The Insect Army and storm troopers dressed like ants is something that could easily figure into the plot of a kids cartoon show, and I’m actually OK with that. I like my super-villain schemes to be larger-than-life, with colorful characters and themed costumes.

And the REAL shocker comes at the end of the issue. SOMEONE has stumbled upon Peter Parker’s secret! And he figured it out rather quickly. But that’s cool, too. You can swallow all sorts of things in the wonderful world of comic books, but even then, you really have to suspend your disbelief at times when it comes to secret identities. When there are geniuses working with these characters who can’t piece simple facts together and figure out that so-and-so is actually a super-hero… come on. But somebody’s got Spidey’s number, and it’ll be interesting to see how that plays out. And I also enjoyed the DR. OCTOPUS appearance, though I won’t spoil what he does.

This issue has the conclusion to the back-up story that began in the last issue, Fred Van Lente’s LOCK AND/OR KEY. Van Lente mixes elements of KICK-ASS and the real-life super-hero phenomenon in Seattle (New POWER MAN has an ad on craigslist offering his services as a hero), National Treasure (Convoluted conspiracy plot involving famous figures of our nation’s history), and KINGDOM OF THE CRYSTAL SKULL (SPOILER ALERT!!!! Aliens are involved!)

This is my first time meeting this new Power Man, but apparently he’s the new apprentice of IRON FIST. He’s a young, brash blowhard, and I don’t know if I’d care to follow his solo adventures, but he does make for a good sidekick. His banter with Spidey is pretty funny, and they’re an amusing team to observe.

The villain of the piece is THE LOOTER, who absconds with the key to the city, armed with the knowledge that the key isn’t just for show, but it unlocks a secret stairway to a long lost treasure. It was fun seeing The Looter portrayed as somewhat formidable (He manages to knock both heroes silly), and anything with villainspeak like “Forget about my Dazzlegun, wallcrawler?”, and “I shall use the interstellar vapors contained within this fallen star to increase my power a thousandfold!” gets my vote. Yay, Looter!

ASM #653 wrap-up…

STORY: I’ll give it an A-. Good action, good humor, exciting villains, no needless killing of classic villains. This is the way to do things, Slott!

ART: A-, too. Casselli’s got skills, and I do admire them, but again, I wish he was just a tad more distinctive.

BACK-UP STORY: A. Light, breezy fun with no pretensions. A Spidey story for all ages. Fun team-up, fun dialogue (My favorite bit… SPIDEY: On your feet, Looter! We’re gonna stuff you back in “Atlas Shrugged” where you belong, you obscure Ayn Rand reference, you. LOOTER: Huh? SPIDEY: What?), and wonderful use of a D-list villain.

Which brings up to our second item of discussion, SPIDER-GIRL #3. First off, terrific cover art, courtesy of Jelena D. Striking image of Spider-Girl standing over a gravestone, beautifully done.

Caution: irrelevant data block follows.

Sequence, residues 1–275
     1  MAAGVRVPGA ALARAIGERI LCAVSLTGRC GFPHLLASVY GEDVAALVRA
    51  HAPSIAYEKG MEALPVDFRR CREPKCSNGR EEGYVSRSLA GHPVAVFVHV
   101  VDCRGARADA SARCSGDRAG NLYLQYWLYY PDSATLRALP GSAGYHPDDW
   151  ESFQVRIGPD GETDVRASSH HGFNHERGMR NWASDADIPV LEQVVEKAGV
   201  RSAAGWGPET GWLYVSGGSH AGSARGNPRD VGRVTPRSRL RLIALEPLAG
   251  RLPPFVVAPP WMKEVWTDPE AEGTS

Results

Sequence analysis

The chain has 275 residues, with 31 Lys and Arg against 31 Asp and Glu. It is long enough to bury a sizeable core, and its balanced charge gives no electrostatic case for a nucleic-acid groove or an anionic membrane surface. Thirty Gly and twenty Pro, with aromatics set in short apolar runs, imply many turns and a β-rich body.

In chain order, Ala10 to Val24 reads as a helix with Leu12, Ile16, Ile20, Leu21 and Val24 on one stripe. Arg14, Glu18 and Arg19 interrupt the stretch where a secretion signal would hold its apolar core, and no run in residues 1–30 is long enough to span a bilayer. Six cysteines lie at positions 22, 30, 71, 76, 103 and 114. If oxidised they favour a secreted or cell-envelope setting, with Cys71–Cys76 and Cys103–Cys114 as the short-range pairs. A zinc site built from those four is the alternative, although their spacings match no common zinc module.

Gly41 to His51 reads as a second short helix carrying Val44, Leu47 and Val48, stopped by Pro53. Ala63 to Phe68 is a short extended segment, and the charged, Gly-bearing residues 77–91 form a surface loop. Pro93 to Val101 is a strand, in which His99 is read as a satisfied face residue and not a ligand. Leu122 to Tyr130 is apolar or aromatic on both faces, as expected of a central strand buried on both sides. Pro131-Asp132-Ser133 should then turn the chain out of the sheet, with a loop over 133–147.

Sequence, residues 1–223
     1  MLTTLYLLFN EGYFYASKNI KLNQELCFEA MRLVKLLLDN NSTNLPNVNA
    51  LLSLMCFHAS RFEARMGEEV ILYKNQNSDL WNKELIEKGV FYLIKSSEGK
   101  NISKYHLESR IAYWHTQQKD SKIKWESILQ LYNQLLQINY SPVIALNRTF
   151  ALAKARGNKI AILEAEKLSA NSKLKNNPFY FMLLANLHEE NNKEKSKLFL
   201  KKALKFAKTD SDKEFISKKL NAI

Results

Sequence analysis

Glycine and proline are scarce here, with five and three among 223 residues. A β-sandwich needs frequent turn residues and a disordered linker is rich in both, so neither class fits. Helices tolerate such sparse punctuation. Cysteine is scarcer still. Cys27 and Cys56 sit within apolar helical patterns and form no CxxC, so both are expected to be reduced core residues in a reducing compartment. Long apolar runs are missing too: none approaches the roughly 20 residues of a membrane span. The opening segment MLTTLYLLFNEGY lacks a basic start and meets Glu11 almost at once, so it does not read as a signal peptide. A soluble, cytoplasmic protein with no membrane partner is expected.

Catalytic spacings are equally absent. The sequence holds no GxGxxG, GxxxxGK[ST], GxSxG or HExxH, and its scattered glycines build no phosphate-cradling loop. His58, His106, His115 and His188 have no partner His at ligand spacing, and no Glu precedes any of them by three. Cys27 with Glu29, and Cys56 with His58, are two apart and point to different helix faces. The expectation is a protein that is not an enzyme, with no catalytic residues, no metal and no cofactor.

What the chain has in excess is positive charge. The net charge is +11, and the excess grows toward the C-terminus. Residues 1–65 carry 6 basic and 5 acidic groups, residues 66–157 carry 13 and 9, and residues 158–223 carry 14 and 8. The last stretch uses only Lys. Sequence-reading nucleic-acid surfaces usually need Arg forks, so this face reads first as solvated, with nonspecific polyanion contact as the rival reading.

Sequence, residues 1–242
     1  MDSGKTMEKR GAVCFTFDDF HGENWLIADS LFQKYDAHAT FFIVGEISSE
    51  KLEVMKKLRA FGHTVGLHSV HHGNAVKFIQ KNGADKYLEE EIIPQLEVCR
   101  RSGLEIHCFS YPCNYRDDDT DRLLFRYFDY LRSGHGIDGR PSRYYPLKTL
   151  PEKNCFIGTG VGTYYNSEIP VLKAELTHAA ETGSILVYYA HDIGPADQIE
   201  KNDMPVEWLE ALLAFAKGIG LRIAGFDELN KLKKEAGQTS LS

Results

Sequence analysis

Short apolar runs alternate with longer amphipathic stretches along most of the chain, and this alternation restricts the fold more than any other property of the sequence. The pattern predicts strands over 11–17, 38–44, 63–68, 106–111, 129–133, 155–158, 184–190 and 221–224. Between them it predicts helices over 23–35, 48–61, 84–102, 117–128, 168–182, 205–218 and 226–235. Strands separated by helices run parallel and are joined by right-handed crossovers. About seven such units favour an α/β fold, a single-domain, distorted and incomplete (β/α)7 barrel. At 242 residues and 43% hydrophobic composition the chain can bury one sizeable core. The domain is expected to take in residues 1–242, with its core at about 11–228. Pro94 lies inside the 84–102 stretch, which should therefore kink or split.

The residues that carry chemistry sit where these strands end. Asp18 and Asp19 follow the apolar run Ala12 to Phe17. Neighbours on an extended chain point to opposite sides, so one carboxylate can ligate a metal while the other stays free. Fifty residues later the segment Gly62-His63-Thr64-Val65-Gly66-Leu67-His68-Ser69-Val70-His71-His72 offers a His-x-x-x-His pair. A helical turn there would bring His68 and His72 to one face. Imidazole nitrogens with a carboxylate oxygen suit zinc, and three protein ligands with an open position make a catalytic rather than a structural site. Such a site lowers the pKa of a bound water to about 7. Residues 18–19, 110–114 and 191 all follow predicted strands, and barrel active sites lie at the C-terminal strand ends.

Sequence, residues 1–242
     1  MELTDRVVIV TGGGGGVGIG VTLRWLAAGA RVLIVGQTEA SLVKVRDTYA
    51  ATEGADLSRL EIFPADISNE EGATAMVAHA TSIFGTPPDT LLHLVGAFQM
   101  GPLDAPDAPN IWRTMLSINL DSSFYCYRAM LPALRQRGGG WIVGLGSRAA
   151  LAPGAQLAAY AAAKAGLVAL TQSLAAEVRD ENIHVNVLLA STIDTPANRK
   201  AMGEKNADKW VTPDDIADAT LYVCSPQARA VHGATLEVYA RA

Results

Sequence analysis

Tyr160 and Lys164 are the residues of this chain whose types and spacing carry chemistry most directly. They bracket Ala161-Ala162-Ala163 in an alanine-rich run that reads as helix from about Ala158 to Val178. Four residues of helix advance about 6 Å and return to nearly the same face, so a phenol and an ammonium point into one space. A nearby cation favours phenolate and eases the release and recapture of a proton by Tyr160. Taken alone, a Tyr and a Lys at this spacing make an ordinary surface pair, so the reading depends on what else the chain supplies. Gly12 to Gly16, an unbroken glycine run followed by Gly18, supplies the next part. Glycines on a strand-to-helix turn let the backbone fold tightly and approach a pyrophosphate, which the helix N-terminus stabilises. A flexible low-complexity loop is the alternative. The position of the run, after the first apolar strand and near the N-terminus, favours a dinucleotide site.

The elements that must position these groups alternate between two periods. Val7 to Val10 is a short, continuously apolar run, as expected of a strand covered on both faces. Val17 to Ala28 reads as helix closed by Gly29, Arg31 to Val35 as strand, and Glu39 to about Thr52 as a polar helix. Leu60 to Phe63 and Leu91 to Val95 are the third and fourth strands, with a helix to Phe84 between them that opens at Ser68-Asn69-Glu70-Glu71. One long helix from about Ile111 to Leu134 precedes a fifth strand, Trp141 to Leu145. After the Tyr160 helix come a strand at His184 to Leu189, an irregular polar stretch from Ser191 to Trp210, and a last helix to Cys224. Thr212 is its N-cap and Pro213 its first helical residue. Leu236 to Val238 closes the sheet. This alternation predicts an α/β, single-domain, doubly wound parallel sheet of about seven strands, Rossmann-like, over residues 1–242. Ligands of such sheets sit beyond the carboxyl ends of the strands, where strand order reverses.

Inside, not a whole lotta action or fun, really. But, that’s to be expected. Anya’s Dad was killed last issue (Technically, the end of the 1st issue), and she’s understandably bummed about it. She turns to friends who have lost loved ones due to super-villainy, and attempts to thwart a car theft, when she’s confronted by the RED HULK, who, by all appearances, seemed to be her father’s killer.

From there, secrets are revealed, conspiracies are alluded to, and in the end, an unlikely alliance is forged with Red Hulk. Does Anya forgive him for what happened? No, but she’s willing to believe that there was more to her father’s death than Red Hulk knocking a wall on him, so that sets up some future stories concerning her quest for revenge against the shadowy organization RAVEN that Red Hulk claims is the real culprit. All of this is handled really well, and I’m curious to see where Tobin is taking us with it.

So this concludes the first arc of the Spider-Girl series. It’s been a largely somber affair, but most great heroes’ stories begin with a great tragedy, and this was Anya’s. I really like this character, and your heart really goes out to her. The Tweeting gimmick is still working as a storytelling tool, and beneath the cloud of sorrow, Anya still has a lighthearted approach to crimefighting and life in general, and it’s a welcome antidote to the overcrowding of dark, brooding anti-heroes that populate countless other titles. We get an ending, but it’s open-ended, as the mystery behind her father’s death still lingers in the air.

But, up next, she’s going up against ANA KRAVINOFF, KRAVEN’s psycho daughter, and that promises to be a good read. These two first met during the instant-classic ASM story GRIM HUNT, and it’ll be cool to see Anya go up against someone who’s a more even match for her, physically.

STORY: A. Tobin writes this character really well, and deftly sets up future storylines and a FUGITIVE-like quest for our hero.

ART: A. Henry’s an ace, and I really dig his pencils. Here’s hoping this creative teams sticks with this title for a while.

And THAT is THE WORD, so sayeth THE MASTER!!!!!

LIKE me on Facebook!


(MASTER FILMMAKER MARK MACKNER is the resident Poptards Spider-Man nut, and the author of SPIDEY’S WEEKLY WEB-UP right here on this site! Also, true to his name, he is the writer/director of the locally made films DAISY DERKINS, DOGSITTER OF THE DAMNED!, EVIL BREW, and THE HALF-LIFE HORROR FROM HELL or: IRRADIATED SATAN ROCKS THE WORLD!)

Posted in : Comics, Pop Culture, Weekly Web-Up
Tags: , , , , , , , , , , , , , , , , , , , , , , , , , , , , , , , , ,

Leave a Reply